Truck drivers in pay dispute
PLEASE NOTE: This article has been ammended. Scroll down for a breakdown of the changes made
Dozens of truck drivers have had their salaries cut by thousands after their employers allegedly dumped them onto a labour broker.
Their union, the South African Transport and Allied Workers Union (Satawu), is embroiled in a labour court challenge with freight company Moody Blue Trade Invest, while the industry's bargaining council has appointed an inspector to gather evidence in a Commission for Conciliation, Mediation and Arbitration case against Green Door Cargo 2 Congo.
This was after the companies had also "off-loaded" their permanent employees, some of whom had worked for the companies for over 10 years, to RP Africa Fleet Services.
Some drivers at Moody Blue told Sowetan that they were forced to resign and join RP Africa Fleet Services to do the same jobs they were doing before, but at a lower pay.
Some of Green Door's employees showed Sowetan their payslips which showed that their basic salaries had dropped from R8,000 in 2014 to R4,800 18 months ago.
The National Bargaining Council of Road Freight and Logistics Industry stipulates a minimum salary of R11,000 for truck drivers.
A Zimbabwean truck driver who resides in Tembisa, who spoke on condition of anonymity, said he joined Green Door more than four years ago taking home a basic salary of R8,000. In addition, he used to receive a R1,500 food allowance and a R1,200 bonus for reaching his truck off-loading point in Koelwezi, in the Democratic Republic of Congo (DRC) within 10 days.
However, his salary has dropped to R4,800 in three years. He showed Sowetan copies of his payslips dating back to early 2016.
"The quality of my life has constantly gone down over the last five years... Those who asked questions or tried to fight this are now unemployed," he said while adding that 40 employees who had questioned the salary cuts had been either laid off or told that the routes they were operating were no longer available.
Richard Hall, a manager at Green Door, said they did not employ any cross-border drivers. "We have an agreement with RP Africa to supply us with cross-border drivers."
He said the company would not comment on the issue unless Sowetan revealed the employees it had spoken to. He also declined to respond to questions relating to the salary cuts Green Door's employees had seen over the years.
"Once again, unless we know who these employees are we cannot comment. Suffice to say that as far as we are concerned, this is untrue," Hall said.
In court papers seen by Sowetan and filed before the labour court in Johannesburg, Moody Blue has applied for a review of a CCMA November arbitration ruling which found that the matter should fall under the ambit of the freight industry bargaining council.
Moody Blue, which has already transferred more than 100 truck drivers to RP Africa Fleet Services, has applied for a review of a CCMA ruling.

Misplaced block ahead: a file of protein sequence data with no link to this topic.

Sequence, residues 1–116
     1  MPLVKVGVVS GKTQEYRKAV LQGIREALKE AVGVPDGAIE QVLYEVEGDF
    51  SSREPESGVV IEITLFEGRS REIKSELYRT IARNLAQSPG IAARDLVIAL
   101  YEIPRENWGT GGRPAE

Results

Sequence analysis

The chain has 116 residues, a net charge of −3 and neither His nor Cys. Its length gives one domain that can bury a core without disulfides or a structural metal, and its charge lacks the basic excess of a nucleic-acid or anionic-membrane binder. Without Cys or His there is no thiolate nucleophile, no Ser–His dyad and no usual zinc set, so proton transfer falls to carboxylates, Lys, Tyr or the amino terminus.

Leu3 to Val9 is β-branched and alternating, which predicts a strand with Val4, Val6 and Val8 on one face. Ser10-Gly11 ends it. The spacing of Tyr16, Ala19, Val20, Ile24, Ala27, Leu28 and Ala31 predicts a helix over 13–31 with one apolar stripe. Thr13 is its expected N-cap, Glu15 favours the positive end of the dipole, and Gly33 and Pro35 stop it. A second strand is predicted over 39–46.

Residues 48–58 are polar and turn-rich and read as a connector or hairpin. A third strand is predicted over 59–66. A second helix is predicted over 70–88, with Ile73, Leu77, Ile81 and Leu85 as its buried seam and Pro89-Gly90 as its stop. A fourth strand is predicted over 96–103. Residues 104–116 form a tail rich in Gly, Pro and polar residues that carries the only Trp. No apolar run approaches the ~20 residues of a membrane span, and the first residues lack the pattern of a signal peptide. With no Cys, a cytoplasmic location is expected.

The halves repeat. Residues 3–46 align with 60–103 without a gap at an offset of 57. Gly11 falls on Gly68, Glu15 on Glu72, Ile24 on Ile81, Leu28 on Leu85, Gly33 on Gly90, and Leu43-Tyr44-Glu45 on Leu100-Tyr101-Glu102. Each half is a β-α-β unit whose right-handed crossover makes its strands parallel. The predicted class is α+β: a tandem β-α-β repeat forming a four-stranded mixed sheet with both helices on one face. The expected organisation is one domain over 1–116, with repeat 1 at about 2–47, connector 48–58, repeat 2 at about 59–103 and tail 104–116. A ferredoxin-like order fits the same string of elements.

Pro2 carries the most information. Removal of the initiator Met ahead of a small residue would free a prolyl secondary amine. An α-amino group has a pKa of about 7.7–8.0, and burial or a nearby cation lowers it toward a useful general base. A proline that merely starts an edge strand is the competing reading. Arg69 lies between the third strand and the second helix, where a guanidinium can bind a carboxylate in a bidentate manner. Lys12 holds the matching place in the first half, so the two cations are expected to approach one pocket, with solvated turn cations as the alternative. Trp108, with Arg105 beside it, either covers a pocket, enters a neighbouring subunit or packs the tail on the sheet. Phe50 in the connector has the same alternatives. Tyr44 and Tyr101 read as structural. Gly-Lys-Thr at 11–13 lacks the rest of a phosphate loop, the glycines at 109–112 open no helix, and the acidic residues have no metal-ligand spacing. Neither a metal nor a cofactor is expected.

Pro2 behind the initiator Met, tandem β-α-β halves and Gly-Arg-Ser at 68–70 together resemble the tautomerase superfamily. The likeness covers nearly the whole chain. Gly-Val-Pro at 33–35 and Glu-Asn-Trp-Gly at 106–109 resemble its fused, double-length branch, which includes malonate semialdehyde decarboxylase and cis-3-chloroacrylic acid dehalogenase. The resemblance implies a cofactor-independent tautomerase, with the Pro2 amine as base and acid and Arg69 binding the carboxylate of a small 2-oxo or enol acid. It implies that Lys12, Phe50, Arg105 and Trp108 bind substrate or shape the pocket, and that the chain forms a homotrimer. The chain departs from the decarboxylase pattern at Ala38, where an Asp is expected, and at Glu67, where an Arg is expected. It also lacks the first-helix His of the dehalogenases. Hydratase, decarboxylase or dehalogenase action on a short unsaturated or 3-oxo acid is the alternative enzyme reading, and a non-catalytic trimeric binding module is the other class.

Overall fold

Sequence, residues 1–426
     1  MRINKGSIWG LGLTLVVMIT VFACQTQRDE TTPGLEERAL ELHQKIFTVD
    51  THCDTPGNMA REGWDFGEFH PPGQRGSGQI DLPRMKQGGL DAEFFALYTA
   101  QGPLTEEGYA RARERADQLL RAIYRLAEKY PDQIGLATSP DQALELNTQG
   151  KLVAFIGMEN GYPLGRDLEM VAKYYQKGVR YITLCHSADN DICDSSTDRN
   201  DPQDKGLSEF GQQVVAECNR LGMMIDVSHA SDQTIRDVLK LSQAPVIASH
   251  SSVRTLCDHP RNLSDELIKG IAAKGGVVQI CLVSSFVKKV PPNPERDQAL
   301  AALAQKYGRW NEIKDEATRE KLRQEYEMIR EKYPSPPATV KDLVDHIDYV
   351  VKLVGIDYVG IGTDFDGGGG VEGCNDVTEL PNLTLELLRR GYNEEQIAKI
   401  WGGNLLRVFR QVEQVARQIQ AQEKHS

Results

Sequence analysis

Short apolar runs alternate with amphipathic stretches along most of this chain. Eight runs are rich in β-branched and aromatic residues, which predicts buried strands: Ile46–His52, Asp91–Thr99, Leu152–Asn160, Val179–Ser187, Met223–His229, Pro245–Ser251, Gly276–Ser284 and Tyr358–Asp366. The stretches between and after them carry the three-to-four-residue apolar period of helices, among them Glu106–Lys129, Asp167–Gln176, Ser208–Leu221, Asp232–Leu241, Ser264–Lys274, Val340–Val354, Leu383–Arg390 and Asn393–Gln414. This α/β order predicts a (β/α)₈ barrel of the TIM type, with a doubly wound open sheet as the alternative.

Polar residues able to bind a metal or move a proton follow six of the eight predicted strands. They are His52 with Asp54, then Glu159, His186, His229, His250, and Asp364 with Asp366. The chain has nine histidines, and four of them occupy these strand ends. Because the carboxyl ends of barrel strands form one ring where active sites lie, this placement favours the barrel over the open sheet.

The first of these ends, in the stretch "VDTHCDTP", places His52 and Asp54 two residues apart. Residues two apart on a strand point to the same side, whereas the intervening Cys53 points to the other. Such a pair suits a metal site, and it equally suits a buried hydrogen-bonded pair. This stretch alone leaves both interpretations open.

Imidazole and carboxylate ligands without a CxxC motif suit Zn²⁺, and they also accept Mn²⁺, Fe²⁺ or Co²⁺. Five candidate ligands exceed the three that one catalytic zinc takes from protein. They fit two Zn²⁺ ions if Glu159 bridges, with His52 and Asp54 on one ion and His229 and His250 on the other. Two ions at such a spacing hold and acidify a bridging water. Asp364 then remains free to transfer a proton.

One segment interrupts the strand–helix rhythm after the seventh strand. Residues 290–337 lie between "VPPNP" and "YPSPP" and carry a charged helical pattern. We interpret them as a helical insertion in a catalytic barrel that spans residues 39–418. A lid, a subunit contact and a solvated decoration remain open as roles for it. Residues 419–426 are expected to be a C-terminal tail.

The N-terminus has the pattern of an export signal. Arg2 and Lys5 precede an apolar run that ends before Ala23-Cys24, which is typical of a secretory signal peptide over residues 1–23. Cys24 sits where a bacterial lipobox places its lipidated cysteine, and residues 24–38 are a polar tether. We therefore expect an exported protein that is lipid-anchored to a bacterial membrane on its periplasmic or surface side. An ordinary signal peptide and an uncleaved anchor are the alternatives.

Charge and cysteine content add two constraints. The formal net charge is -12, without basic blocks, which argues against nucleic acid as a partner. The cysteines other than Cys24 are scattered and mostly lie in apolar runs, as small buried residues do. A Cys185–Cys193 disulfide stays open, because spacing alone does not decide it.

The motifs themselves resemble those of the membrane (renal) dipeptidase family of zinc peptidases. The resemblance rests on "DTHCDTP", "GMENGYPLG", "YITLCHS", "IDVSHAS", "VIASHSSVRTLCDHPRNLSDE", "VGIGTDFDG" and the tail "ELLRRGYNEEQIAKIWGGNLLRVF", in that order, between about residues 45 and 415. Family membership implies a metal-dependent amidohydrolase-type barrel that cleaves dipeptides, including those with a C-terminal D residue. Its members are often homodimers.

Neil Demaris, a Moody Blue director, argued in court papers that his company was being forced to be registered under the scope of the road freight bargaining council when it was in actual fact operating in retail.
He claimed in court papers that Moody Blue is a wholesaler which transports its own goods from SA to the DRC while employing a majority Congolese workforce.
"The majority of staff is Congolese and only 30 are South African-born," Demaris said in an affidavit that is before the labour court in Braamfontein.
‘No truth in salary cut claims’
Satawu’s Zanele Sabela said: “The situation at Greendoor is grossly unfair as workers who have been employed there permanently for over 10 years have now had their salaries reduced from R10,000 to R3,000 a month. The company claims it pays them according to Zambian salary scales. However, Greendoor is registered in South Africa and operates it business from here and its employees were hired here.”
Sabela said the union was ready to support their bargaining council in the CCMA dermacation case against Green Door.
RP Africa’s general manager Johann van Aswegen, said the company did not merely provide truck drivers to clients, but had valuable infrastructure in African countries in which clients delivered cargo.
Van Aswegen denied drivers were forced to resign or that they provided cheap labour.
“There are also trip bonuses that these guys get but again if they waste time on the road they might not achieve bonuses.
“They might also have had lawful deductions in some cases.
“ I just cannot share other payslips with you due to confidentiality reasons.”
He said there was a year-long consultation with truck employees before they were absorbed by RP Africa and no one was forced to join RP Africa. – Isaac Mahlangu
In the article headlined Truck drivers in pay dispute, published on April 8 2019, Sowetan erroneously referred to RP Africa Fleet Services as a labour broker.
RP Africa is a fleet management services company in the road freight industry, specialising in cross border transportation.
The article also referred to truck drivers suffering salary cuts. The truck drivers were retrenched from their previous employer, and RP Africa bought over their contracts.
The payslip discrepancy was the result of a structure change to paylips.
Sowetan apologises for the error.